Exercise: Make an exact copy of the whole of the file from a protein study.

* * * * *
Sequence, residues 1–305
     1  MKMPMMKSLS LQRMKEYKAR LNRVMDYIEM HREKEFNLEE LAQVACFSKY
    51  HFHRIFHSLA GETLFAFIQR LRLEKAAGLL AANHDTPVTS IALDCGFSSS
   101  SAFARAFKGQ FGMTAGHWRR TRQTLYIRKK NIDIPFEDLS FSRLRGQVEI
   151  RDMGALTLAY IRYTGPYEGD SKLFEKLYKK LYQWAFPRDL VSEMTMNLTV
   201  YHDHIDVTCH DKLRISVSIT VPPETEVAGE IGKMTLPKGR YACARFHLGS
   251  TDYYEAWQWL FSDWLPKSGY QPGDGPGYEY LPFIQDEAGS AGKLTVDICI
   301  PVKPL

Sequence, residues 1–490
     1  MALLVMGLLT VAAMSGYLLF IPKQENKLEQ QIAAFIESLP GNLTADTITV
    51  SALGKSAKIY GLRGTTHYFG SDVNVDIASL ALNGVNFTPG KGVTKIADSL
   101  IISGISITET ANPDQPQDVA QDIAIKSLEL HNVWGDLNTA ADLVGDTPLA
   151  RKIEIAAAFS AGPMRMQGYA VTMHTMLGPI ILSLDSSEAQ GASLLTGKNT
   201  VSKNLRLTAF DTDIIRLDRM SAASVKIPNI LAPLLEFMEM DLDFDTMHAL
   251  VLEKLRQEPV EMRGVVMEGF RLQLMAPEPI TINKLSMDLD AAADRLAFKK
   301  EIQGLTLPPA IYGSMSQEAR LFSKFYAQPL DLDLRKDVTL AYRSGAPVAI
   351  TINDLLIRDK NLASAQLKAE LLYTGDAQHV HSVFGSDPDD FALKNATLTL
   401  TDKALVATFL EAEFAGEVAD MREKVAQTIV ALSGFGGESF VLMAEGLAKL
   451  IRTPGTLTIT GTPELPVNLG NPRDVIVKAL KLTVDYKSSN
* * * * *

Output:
Sequence, residues 1–305
     1  MKMPMMKSLS LQRMKEYKAR LNRVMDYIEM HREKEFNLEE LAQVACFSKY
    51  HFHRIFHSLA GETLFAFIQR LRLEKAAGLL AANHDTPVTS IALDCGFSSS
   101  SAFARAFKGQ FGMTAGHWRR TRQTLYIRKK NIDIPFEDLS FSRLRGQVEI
   151  RDMGALTLAY IRYTGPYEGD SKLFEKLYKK LYQWAFPRDL VSEMTMNLTV
   201  YHDHIDVTCH DKLRISVSIT VPPETEVAGE IGKMTLPKGR YACARFHLGS
   251  TDYYEAWQWL FSDWLPKSGY QPGDGPGYEY LPFIQDEAGS AGKLTVDICI
   301  PVKPL

Sequence, residues 1–490
     1  MALLVMGLLT VAAMSGYLLF IPKQENKLEQ QIAAFIESLP GNLTADTITV
    51  SALGKSAKIY GLRGTTHYFG SDVNVDIASL ALNGVNFTPG KGVTKIADSL
   101  IISGISITET ANPDQPQDVA QDIAIKSLEL HNVWGDLNTA ADLVGDTPLA
   151  RKIEIAAAFS AGPMRMQGYA VTMHTMLGPI ILSLDSSEAQ GASLLTGKNT
   201  VSKNLRLTAF DTDIIRLDRM SAASVKIPNI LAPLLEFMEM DLDFDTMHAL
   251  VLEKLRQEPV EMRGVVMEGF RLQLMAPEPI TINKLSMDLD AAADRLAFKK
   301  EIQGLTLPPA IYGSMSQEAR LFSKFYAQPL DLDLRKDVTL AYRSGAPVAI
   351  TINDLLIRDK NLASAQLKAE LLYTGDAQHV HSVFGSDPDD FALKNATLTL
   401  TDKALVATFL EAEFAGEVAD MREKVAQTIV ALSGFGGESF VLMAEGLAKL
   451  IRTPGTLTIT GTPELPVNLG NPRDVIVKAL KLTVDYKSSN